After a particularly mild winter so far, the papers are promising that an Arctic front is on its way, supposedly bringing freezing temperatures and some much-awaited snow fall. Whilst many people love the beauty of frosty mornings and fresh snow, others struggle with the cold. Some people complain of sudden attacks of toothache in wintry weather - so is this normal and should you worry? Let’s take a closer look.
How temperature changes affect our teeth
The human body has a built-in temperature control system. It ensures vital organs and systems are kept at a perfect 37℃. Unless things go wrong, this temperature is maintained almost all of the time. Our blood and bodily fluids all stay at this temperature, including the saliva in our mouths. The result is that our teeth effectively have a nice warm blanket to protect them.
If, however, we shock our teeth by eating an ice-cream or sipping a scalding hot tea or coffee, it is normal to experience a sudden sensation of pain due to the sudden change in temperature. To replicate this, place your hands under a hot tap after throwing some snowballs or scraping the windscreen - a similar thing occurs.
Breathing in a mouthful of cold air can have exactly the same effect. This can be exacerbated if, for example, you have just finished a hot coffee with your breakfast.
What causes increased sensitivity?
Even people with completely healthy teeth can experience pain in response to cold air. Extreme discomfort, however, can be experienced if you have defects in your teeth. Damaged fillings are a major culprit. They cause the sensitive inner layers of the tooth to be exposed to cold air, whilst defective crowns or bridges also leave sensitive parts of the tooth exposed. Another common cause is having cracks in the teeth. Remember that teeth are porous, so even the slightest surface damage can have a significant effect.
If you find that you experience prolonged or severe pain on a regular basis when the weather is cold, it is possible that you have a tooth defect that may require dental treatment. We’d recommend you arrange a dental health assessment in order to catch any problems as early as possible. Chris, Janet or one of our hygiene team can also advise you on the best way to care for sensitive teeth if this is a problem you suffer from.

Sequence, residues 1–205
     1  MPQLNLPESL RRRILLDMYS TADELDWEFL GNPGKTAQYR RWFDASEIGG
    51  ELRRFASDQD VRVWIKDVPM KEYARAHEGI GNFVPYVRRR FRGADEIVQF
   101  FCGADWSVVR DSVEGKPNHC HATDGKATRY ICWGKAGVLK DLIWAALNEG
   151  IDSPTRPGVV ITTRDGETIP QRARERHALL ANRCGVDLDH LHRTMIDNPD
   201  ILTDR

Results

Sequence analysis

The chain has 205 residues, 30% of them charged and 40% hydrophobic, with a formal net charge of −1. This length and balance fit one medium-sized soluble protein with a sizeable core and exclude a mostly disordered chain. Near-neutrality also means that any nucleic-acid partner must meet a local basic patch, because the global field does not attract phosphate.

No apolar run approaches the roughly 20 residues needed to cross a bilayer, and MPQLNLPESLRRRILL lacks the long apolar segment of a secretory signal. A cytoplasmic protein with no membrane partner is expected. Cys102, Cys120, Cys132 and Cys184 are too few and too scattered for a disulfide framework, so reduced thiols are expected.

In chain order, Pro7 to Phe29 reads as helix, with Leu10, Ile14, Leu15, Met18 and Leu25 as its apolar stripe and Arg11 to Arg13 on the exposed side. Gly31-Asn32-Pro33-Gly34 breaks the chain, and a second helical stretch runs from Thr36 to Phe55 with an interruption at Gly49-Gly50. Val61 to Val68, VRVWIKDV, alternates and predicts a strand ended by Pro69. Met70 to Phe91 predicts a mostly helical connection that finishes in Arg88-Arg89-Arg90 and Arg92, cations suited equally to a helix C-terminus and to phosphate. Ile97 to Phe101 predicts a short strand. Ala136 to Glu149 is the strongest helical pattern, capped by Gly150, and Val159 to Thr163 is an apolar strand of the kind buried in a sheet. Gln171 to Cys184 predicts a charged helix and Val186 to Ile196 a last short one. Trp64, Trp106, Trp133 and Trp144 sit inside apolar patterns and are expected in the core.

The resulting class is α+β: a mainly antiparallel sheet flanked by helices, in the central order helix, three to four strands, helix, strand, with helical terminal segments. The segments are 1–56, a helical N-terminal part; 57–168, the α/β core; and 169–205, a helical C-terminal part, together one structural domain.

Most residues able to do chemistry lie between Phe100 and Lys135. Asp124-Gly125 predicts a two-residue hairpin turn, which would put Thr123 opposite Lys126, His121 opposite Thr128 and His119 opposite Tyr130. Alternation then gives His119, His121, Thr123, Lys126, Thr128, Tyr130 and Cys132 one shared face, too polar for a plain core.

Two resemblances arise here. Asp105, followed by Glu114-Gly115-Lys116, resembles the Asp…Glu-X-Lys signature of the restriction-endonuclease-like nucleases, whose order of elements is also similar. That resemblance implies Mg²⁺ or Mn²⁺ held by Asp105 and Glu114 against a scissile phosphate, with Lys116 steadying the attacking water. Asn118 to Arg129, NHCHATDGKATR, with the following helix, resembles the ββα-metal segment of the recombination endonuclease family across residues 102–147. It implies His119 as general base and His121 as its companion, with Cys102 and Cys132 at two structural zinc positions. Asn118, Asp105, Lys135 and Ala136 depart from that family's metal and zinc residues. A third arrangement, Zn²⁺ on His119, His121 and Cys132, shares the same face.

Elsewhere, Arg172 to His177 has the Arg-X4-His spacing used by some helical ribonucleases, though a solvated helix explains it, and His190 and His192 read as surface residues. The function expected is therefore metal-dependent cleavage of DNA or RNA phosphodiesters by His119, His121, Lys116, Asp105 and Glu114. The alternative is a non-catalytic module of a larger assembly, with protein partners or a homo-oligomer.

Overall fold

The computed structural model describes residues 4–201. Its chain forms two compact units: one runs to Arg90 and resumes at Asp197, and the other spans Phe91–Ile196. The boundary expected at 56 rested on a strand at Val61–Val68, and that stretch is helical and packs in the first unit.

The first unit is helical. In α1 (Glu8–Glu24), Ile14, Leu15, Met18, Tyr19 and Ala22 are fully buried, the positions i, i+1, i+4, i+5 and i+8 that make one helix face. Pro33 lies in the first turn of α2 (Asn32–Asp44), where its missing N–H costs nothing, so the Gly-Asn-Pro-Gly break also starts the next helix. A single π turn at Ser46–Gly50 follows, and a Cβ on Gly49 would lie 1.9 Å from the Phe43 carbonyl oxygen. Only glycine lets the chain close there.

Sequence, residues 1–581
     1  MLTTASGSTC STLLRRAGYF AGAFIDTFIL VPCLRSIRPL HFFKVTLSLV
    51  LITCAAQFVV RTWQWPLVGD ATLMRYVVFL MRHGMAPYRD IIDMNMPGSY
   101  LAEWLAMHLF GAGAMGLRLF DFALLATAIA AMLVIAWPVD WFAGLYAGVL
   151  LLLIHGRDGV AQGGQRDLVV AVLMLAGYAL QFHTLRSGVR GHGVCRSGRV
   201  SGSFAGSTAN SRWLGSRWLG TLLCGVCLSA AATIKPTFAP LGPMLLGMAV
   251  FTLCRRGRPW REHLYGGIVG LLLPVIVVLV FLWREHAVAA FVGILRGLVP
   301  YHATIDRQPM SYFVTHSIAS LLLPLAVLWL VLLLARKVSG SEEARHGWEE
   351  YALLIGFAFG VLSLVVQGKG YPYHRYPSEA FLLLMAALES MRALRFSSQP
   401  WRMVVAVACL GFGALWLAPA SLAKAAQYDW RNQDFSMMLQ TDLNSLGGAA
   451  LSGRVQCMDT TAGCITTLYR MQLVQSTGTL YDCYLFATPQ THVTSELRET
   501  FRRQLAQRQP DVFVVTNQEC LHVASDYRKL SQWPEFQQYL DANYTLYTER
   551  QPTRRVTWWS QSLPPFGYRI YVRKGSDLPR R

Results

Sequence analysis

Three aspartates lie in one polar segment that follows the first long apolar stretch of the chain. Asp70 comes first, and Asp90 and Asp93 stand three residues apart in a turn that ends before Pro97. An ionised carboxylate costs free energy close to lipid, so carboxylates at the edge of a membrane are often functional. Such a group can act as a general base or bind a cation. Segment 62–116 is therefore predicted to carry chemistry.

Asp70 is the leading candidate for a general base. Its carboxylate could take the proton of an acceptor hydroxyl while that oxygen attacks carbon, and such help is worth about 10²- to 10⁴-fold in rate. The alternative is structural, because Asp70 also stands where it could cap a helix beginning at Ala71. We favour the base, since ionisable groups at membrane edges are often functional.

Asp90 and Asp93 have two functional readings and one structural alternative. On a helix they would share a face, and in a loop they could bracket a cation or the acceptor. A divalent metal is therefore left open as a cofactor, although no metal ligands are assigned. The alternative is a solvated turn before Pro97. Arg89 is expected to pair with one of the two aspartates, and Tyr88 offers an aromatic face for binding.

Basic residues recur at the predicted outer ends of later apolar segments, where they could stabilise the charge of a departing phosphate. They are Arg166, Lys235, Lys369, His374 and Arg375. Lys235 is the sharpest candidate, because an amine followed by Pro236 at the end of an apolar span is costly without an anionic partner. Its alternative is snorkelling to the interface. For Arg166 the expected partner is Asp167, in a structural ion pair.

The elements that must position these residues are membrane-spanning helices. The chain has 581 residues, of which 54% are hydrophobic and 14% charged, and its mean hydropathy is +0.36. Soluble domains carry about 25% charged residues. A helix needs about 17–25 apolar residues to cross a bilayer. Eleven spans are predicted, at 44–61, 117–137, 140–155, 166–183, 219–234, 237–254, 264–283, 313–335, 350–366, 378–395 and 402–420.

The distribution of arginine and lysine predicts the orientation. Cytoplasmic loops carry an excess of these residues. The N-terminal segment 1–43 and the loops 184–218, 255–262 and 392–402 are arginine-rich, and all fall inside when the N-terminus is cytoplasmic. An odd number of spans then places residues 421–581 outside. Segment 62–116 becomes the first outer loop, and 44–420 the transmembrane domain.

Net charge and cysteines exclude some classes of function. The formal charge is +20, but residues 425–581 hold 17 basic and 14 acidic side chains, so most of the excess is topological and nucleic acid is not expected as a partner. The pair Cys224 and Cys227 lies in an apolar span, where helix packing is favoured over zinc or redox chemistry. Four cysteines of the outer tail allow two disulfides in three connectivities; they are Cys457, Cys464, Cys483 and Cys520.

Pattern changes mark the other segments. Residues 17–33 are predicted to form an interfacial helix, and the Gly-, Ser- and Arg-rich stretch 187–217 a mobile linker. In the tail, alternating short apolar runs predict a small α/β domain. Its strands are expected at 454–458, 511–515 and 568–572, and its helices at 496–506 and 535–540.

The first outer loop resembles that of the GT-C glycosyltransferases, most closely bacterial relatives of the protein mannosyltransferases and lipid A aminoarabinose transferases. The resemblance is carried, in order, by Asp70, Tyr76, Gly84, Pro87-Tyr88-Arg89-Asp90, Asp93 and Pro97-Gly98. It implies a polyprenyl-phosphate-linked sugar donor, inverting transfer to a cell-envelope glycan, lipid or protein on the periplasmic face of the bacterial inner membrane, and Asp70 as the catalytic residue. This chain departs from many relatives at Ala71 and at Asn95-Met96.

Problems with your gums
Your gums also play a vital role in your oral health. They can be behind your tooth pain in cold weather. Periodontal disease is a fairly common problem and left untreated can lead to recessed gums. This leaves the sensitive base of the teeth exposed. This is a very sensitive area of the tooth and if exposed directly to cold air will almost certainly cause noticeable discomfort.
The effects of low temperatures can also be exaggerated by other infections of the gums. Your dental examination will involve a thorough check of both your teeth and gums so it is highly recommended to contact us to book an appointment if you do have concerns.
If you have large gaps caused by missing teeth, you may well be experiencing a lot of discomfort in cold weather. This is because a missing tooth can leave the inside edges of the teeth around it exposed to low temperatures. Large metal fillings can become very cold and affect the surrounding tooth in a similar way. There are many options for replacing missing teeth, with dental implants often proving to be an effective and reliable solution.
Be tooth aware
If you experience any discomfort or pain in your teeth on a regular basis, this is a sign that your teeth and gums may be in need of attention and we would recommend that you come and see us as soon as possible for a dental health assessment. Even if you are prone to sensitive teeth, it’s worth seeing your dentist to rule out any other possible problems that may have developed. Regular dental visits are the best way by far to make sure that you keep your teeth and smile in the best possible condition and avoid future problems.
To get professional advice from the team here at Field House Dental Practice or to book an appointment now, call us on 01892 782300.